If this describes you, you may have tried to push such feelings to the back of your mind, only to have them resurface again and again. Being plagued by depression, shame, bouts of crying, anxiety, or regret is very common for women who have had an abortion – especially those who have also experienced negative childhood events or trauma. Some even turn to drugs and alcohol, consider suicide, avoid intimate relationships, or engage in unhealthy relationships – like Toni (read her story below).

Adverse feelings can be compounded if fear and urgency were the driving factors of the abortion decision rather than objective information. Did you know….

  • 64% of women having abortions said they felt pressured to abort
  • 84% said they were not fully informed
  • 52% felt rushed and 54% uncertain beforehand
  • 67% received no counseling beforehand
  • 79% were not informed about alternatives

Studies also show that women who experienced childhood trauma are more likely to have subsequent unplanned pregnancies and abortions. “When you’ve had trauma early on, an unplanned pregnancy can mimic that trauma in your brain by triggering those memories and emotions of being caught off guard,” says Amber McCutcheon, founder and executive director of HOPE, which serves survivors of sexual trauma. “Where you had no control over your previous trauma, an abortion can make you feel like you have control over the unplanned pregnancy because you can take care of the problem. You may feel that it is better for this child to never experience anything you went through.”

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Considering an Abortion? Here’s the Info You Need

FLPCC23 Considering an Abortion?

Are you pregnant? Do you think you may be pregnant? If so, you may find yourself wondering what your options are. At this point, you may begin looking for abortion education and wondering who to trust. The decisions you’re facing are stressful enough as it is. You need to know the risks, benefits, and alternatives of your choices. Otherwise, you can’t give informed consent for your reproductive health decisions. Our goal is to equip you with the facts about the abortion pill, and surgical abortion so you can make an informed decision about your pregnancy.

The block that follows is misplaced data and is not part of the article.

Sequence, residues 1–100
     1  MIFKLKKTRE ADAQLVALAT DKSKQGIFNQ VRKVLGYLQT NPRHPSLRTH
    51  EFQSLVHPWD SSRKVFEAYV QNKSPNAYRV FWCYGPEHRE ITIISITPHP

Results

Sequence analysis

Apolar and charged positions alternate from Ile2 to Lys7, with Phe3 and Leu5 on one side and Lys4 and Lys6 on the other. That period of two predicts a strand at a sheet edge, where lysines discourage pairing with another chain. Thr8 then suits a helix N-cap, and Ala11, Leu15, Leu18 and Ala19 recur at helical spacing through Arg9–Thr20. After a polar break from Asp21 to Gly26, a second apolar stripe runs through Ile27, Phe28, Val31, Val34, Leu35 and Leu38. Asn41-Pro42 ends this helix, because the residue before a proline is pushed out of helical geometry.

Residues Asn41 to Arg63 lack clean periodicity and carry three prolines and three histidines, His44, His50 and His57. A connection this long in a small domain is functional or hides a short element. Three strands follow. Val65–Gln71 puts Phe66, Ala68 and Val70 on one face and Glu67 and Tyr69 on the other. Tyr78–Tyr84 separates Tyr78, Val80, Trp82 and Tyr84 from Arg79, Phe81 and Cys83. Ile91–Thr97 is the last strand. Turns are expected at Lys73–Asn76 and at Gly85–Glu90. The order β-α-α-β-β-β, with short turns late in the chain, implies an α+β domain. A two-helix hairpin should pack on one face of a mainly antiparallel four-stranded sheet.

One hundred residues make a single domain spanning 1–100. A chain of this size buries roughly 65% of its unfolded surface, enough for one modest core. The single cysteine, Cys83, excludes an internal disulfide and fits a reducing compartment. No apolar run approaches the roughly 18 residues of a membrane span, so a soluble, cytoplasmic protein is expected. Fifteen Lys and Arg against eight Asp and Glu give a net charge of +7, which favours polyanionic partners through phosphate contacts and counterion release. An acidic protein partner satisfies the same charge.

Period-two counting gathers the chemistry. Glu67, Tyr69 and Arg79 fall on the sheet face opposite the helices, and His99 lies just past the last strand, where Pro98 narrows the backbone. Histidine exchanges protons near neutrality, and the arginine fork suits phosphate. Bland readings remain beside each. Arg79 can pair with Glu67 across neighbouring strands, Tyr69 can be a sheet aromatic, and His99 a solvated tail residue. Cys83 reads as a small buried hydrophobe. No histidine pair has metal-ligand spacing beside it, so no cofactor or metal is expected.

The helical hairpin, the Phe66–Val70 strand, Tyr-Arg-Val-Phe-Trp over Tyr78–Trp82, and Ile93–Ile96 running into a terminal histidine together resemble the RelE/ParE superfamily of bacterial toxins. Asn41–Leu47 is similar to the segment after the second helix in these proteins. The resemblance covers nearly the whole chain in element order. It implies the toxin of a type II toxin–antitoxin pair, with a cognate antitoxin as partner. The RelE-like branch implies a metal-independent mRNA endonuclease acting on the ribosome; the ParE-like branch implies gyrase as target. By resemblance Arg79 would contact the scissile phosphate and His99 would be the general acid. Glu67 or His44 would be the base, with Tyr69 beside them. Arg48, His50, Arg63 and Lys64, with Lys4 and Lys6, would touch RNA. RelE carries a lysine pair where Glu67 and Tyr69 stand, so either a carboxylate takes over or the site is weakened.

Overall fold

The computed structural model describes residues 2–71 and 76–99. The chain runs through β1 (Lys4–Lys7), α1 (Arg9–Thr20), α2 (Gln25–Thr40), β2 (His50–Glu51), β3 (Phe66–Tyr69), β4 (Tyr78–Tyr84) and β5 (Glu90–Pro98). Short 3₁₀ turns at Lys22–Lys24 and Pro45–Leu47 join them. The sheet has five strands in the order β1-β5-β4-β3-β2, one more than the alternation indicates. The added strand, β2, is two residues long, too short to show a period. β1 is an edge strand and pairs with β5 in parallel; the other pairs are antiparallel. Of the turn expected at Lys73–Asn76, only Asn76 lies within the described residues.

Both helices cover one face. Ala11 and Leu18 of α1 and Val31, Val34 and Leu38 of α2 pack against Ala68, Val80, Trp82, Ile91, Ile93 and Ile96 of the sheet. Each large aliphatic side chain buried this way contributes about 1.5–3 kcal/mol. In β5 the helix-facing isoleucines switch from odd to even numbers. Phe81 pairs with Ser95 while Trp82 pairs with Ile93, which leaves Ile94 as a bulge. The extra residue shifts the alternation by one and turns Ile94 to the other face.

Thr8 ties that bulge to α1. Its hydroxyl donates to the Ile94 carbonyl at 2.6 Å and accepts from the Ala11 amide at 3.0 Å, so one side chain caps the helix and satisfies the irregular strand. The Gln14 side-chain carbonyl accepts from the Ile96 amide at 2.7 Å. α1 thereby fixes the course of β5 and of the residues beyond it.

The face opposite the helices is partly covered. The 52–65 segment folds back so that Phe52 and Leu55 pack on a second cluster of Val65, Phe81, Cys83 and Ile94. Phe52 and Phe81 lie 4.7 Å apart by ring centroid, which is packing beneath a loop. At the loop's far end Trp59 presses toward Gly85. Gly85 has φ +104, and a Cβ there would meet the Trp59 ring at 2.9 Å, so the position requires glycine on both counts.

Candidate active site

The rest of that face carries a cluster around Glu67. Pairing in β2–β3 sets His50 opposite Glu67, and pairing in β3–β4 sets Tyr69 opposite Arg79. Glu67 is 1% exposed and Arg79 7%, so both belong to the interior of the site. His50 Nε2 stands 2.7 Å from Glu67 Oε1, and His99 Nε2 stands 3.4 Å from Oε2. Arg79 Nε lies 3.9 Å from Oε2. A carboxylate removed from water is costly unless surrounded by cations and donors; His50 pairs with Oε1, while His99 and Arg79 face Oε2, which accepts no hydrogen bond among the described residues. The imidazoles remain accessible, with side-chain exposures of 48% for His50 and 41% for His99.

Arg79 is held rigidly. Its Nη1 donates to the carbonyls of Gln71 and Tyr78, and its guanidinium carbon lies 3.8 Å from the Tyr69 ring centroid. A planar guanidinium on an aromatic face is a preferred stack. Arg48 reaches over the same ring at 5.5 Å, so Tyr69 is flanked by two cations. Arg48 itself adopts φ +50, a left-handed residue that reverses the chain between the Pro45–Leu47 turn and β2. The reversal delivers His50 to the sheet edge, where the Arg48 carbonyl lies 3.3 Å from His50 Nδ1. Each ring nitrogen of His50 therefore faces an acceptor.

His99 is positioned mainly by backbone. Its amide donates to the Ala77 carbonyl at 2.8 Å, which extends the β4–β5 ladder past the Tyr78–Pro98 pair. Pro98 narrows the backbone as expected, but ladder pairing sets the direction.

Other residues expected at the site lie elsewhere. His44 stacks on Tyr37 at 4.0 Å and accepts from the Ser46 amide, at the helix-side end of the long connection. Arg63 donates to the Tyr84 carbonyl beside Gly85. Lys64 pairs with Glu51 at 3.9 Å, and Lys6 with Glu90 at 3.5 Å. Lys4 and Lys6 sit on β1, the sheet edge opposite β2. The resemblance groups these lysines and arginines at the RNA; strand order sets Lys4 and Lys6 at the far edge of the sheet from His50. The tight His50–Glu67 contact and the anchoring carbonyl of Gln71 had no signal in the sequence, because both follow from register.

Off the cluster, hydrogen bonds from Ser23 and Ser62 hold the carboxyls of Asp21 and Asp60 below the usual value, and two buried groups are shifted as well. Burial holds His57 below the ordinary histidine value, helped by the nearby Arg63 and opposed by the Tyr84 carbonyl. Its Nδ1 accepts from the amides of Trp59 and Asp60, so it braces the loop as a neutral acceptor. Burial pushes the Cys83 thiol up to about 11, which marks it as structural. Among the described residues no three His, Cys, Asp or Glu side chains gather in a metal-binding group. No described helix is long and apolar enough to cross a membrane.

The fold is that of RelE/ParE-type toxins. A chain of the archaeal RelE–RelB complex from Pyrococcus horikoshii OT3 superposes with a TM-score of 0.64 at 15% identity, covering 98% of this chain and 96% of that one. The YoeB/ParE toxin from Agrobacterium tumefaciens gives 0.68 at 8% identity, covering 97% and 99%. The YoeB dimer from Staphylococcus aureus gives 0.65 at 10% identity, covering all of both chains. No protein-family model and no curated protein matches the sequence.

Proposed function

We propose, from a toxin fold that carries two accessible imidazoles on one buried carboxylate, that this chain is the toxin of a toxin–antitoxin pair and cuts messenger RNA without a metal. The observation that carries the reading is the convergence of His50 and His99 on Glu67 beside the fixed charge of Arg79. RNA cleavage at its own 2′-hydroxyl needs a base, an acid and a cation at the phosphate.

So how do we start? Well, first things first. You’ll want to confirm whether you’re pregnant or not.

 

Am I Pregnant? The Urine Test

A urine test will identify the pregnancy hormone, also known as human chorionic gonadotropin (hCG). They are highly accurate in their detection of hCG levels. But, if you took the test BEFORE the day you were supposed to get your period, you might not get an accurate result. The hCG concentration increases each day during early pregnancy. Now that time has gone by, you’ll get a more accurate reading.

Two Options for Urine Testing

Your first option is the home pregnancy test. These have been on the market for several decades and tend to be quite accurate. If you go this route, make sure your test is not expired and that you carefully follow the instructions.

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Pregnancy Signs and Symptoms

pregnancysymptoms_20221206-204625_1 Pregnancy Signs and Symptoms

 

Answer these questions to help determine whether or not you may be pregnant.

Have you been experiencing bodily changes? Do you think you may be pregnant? This can be an exciting time but also a puzzling time. To add to the confusion, many pregnancy signs and symptoms can have causes unlinked to pregnancy.

At Family Life Center we have compiled this list of questions to determine whether or not you may be pregnant. Please contact Family Life Center if you have any other questions or would like to make an appointment for a free and confidential consultation.

Early signs of pregnancy tend to differ from one woman to the next. It is best to wait until the week after your missed period to take a pregnancy test for an accurate result. But paying attention to early symptoms of pregnancy is also important, and these symptoms can start as early as your first month of pregnancy. With that in mind, consider these questions about the early signs of pregnancy:

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We do not offer, recommend or refer for abortions or abortifacients, but are committed to offering accurate education about abortion procedures and risks.
The information presented on this website is intended for general education purposes only and should not be relied upon as a substitute for professional and/or medical advice.